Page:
Somalia's famine has already killed tens of thousands of people and is expected to spread across the south of the country in the coming weeks as a lack of rain and a lack of political will have combined to create a massive humanitarian catastrophe, threatening millions of lives.
The Horn of Africa region has been parched by the worst drought in 60 years. The United Nations now estimates that 12.4 million people are facing severe food shortages and are in desperate need of aid.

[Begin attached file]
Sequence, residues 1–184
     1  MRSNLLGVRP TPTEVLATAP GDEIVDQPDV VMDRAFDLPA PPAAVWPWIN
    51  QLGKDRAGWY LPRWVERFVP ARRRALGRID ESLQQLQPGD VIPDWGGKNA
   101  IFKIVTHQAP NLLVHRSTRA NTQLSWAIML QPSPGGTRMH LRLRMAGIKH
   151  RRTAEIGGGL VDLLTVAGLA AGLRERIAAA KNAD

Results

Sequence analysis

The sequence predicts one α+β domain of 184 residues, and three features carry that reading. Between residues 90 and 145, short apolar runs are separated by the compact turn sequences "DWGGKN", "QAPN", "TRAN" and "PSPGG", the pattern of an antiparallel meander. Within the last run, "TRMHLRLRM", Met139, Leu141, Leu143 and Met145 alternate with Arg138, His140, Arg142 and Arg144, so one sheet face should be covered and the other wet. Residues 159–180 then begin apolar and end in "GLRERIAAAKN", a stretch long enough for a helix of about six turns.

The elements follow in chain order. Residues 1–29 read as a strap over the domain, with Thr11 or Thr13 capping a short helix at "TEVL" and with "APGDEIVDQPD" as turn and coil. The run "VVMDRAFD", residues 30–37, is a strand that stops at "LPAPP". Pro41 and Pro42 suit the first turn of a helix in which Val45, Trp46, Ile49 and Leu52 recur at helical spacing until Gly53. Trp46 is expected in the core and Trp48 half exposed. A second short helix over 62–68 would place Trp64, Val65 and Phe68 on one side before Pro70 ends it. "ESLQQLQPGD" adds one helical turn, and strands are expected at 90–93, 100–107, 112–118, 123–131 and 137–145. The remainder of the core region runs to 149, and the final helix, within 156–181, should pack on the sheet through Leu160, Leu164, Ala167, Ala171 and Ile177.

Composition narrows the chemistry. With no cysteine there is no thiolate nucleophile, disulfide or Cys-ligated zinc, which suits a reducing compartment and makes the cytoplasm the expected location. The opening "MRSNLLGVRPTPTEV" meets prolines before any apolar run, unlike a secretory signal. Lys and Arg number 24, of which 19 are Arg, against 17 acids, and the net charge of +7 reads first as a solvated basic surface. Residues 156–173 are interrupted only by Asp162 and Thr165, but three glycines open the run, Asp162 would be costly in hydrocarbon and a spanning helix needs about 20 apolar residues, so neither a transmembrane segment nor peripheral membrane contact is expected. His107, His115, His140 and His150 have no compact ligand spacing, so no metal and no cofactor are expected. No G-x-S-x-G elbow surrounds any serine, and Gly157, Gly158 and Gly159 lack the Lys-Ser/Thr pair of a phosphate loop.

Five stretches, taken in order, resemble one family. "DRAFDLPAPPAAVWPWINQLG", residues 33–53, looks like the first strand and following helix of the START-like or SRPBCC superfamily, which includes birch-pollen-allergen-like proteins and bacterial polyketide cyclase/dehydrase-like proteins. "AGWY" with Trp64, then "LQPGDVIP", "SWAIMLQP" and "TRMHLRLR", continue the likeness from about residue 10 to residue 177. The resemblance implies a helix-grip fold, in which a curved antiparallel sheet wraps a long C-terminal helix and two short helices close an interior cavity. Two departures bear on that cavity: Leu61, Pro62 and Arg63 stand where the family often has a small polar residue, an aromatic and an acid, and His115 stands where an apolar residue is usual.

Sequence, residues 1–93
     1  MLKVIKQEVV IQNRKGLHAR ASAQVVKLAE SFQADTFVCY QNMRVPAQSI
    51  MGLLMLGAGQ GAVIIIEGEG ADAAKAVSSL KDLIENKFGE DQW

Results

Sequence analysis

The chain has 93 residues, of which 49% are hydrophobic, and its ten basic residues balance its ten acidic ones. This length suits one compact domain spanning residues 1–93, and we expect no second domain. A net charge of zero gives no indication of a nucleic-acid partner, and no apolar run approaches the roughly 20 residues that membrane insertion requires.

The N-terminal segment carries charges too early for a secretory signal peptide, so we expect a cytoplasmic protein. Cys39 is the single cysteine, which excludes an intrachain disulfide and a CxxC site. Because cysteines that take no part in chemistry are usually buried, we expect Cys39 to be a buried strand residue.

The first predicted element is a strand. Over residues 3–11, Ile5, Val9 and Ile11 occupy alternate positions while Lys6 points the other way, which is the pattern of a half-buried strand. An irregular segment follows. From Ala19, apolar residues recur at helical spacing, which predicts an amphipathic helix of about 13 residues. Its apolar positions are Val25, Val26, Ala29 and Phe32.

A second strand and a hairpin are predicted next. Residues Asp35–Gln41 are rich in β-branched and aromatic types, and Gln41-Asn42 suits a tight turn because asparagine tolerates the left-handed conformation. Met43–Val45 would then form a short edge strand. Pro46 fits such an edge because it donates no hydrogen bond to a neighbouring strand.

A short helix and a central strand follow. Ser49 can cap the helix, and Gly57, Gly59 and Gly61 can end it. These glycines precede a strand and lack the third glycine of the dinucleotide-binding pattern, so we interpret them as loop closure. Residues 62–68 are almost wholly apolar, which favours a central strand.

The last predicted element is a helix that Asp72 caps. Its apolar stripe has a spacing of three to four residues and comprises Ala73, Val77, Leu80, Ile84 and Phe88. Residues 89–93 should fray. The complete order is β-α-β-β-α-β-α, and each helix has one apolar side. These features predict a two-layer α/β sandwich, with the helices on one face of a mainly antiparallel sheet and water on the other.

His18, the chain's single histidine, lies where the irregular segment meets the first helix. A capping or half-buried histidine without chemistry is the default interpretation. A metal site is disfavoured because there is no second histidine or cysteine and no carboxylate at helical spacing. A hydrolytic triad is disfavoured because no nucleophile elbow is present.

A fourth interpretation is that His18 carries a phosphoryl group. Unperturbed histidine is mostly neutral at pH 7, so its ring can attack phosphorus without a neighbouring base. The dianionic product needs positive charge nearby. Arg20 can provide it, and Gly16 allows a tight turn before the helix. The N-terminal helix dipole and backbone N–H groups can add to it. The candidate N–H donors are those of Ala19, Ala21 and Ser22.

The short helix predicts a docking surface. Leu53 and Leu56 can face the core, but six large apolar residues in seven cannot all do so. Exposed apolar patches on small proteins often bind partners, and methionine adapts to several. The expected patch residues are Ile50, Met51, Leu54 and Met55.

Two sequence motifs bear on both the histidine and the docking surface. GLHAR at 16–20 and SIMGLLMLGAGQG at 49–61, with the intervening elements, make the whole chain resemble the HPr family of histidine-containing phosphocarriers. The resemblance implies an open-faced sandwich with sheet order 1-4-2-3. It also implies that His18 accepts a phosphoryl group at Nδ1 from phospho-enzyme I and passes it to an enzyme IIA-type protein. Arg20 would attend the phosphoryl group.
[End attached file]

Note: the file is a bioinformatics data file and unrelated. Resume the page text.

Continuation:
Somalian refugees, fleeing the drought, arrived bedraggled, exhausted and often bereaved in Dadaab, Kenya, where an overcrowded complex of camps, built for 90,000, now houses about 400,000 people. The Somalis arriving at the refugee camps are the lucky ones, however. Many succumbed to exhaustion, dehydration and hunger during the long and brutal trek to get there.
While the United Nations says $2.5 billion is needed to alleviate the suffering, only a little over $1 billion has so far been committed by donor nations.
Listen to an interview with photographer Oli Scarff who was recently at the Dadaab refugee camp: